Devotees at a mass Iftar near the Saudi mosque in Sharjah. Kamal Kassim / The Gulf Today
Mariecar Jara-Puyod, Senior Reporter
A gynaecologist/obstetrician in the UAE and a sleep specialist in the US said getting enough sleep should be in everyone’s consciousness no matter how busy or stressed one is with work and social affairs.
Aster Clinic-Dubai obstetrician/gynaecologist Dr Keya Rahul was interviewed on the importance for women to get sufficient hours of sleep in relation to their reproductive health.
Cleveland Clinic-Abu Dhabi shared with Gulf Today tips from Cleveland Clinic-Sleep Disorders Centre (US) sleep specialist Dr Vaishal Shah on how to catch up with sleep with all the flurry and commitments during the Holy Month of Ramadan.
Both specialists stated that enough sleep is “very important” for the sufficient release of hormones for sound health.
Shah said, “The lack of sleep affects our ability to function and it regulates the hormones that control our appetites.”
As Rahul pointed out that expectant mothers should get seven to eight hours of sleep in the night combined with 20-minute power naps in the afternoons, she also said that a minimum of six to eight hours of sleep in a day is for the effective release of reproductive hormones, and to maintain weight and cortisol balance: “Effective release means the release of hormones in the right quantity or levels at the right time.”
Shah mentioned three important factors that affect quality sleep namely “consistent sleep schedule, a sufficient period of un-interrupted sleep, and good sleep hygiene such as turning off screens, having a dark and quiet sleeping space, and allowing adequate time to relax before bedtime.”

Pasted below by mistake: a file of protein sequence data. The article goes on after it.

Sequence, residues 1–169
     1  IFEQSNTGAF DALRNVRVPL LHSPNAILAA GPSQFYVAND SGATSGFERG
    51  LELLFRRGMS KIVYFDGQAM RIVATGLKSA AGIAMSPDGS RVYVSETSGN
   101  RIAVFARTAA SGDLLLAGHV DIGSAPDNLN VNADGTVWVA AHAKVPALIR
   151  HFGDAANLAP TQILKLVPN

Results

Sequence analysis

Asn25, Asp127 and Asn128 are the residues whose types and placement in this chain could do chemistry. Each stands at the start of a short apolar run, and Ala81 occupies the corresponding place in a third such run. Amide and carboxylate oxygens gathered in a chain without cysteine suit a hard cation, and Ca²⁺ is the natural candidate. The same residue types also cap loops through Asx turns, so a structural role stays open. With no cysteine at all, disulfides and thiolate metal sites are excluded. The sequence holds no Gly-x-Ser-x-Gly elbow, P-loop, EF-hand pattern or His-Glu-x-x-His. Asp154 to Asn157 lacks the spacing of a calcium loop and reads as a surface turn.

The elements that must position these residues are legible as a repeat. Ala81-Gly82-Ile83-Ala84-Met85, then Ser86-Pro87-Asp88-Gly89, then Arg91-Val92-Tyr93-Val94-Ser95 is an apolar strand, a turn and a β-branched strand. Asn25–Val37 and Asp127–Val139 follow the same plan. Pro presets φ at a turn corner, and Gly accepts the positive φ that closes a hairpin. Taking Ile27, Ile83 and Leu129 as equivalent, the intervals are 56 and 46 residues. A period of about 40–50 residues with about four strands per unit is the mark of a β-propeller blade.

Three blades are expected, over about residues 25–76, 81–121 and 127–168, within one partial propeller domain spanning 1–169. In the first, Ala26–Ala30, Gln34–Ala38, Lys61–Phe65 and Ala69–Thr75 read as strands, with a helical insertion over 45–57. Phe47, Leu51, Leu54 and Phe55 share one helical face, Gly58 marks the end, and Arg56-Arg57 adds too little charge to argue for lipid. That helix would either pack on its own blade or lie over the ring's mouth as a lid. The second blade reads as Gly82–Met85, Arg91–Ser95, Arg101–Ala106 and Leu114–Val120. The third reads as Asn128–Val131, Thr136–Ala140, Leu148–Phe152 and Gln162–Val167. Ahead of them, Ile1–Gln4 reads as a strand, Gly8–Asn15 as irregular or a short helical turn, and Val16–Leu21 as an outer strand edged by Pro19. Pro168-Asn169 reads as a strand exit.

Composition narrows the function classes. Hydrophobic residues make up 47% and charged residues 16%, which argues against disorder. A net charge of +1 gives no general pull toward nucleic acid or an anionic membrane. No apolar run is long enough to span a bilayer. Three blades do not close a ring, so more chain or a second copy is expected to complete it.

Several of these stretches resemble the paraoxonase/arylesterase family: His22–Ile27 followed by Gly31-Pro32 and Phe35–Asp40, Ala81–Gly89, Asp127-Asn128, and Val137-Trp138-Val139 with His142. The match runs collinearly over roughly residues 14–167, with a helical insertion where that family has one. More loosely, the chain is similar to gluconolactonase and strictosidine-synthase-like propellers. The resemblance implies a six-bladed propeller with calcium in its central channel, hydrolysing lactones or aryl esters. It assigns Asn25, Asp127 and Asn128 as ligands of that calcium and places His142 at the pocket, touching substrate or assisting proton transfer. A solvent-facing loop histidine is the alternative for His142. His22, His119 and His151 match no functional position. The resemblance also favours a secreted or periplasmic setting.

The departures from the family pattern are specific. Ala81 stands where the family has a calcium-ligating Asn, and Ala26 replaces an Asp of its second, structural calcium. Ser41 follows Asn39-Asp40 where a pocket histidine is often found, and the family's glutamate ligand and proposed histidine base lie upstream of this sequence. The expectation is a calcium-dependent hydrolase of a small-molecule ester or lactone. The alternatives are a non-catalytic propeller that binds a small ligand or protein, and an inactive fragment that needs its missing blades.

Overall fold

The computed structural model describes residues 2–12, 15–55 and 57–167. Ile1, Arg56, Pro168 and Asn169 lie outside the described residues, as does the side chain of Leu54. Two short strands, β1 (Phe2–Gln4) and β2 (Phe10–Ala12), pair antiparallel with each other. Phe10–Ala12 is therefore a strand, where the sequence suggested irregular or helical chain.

Rahul mentioned specifics: Sleep helps maintain a healthy balance of hormones that make you feel hungry (ghrelin) or full (leptin); sleep and the body’s reaction to insulin, the hormone that controls blood glucose or sugar level are tied together; and sleep also impacts on one’s immune system.
Rahul explained, “When you do not get enough sleep, your level of ghrelin goes up and your level of leptin goes down. This makes you feel hungrier than well-rested. “Sleep deficiency results in higher than normal blood sugar level, which may increase our risk for diabetes. It supports healthy growth and development. It triggers the body to release the hormone that promotes normal growth in children and teens, that will also boost muscle mass and helps repair cells and tissues in children, teens and adults,” she also said, adding that reproductive health and fertility at the age of puberty are also dependent on the number of hours and quality of sleep.
Rahul continued, “Our immune system, which defends our body against foreign and harmful substances, relies on sleep to stay healthy. Ongoing sleep deficiency can change the way our immune system responds. If we sleep deficient, we may have trouble fighting common infections.”
Rahul explained why sleep is important for the release of the hormone cortisol she defined as “nature’s built-in alarm system in our body that works with certain parts of the brain and controls our mood, motivation and fear.”
With adequate amount of cortisol from enough hours and quality of sleep, the body will be able to regulate and use carbohydrates, fats and proteins to prevent obesity.
The lack of cortisol will lead to imbalanced blood pressure and increases blood glucose or sugar.
Shah said: “Some people will change their habits drastically during Ramadan. How they do this will depend on their lifestyle and commitments. There are steps people can take to help themselves during the Holy Month and to readjust more easily to their regular schedules afterwards.”
He recommended: “Stick to the normal daily routine of seven to nine hours of sleep and supplement this with a quick nap after Fajr. Use the reduced working hours to nap before Iftar. Simulate a nighttime environment by keeping the bedroom dark and practice good sleep hygiene with no screen, no noise and a comfortable ambient temperature.”
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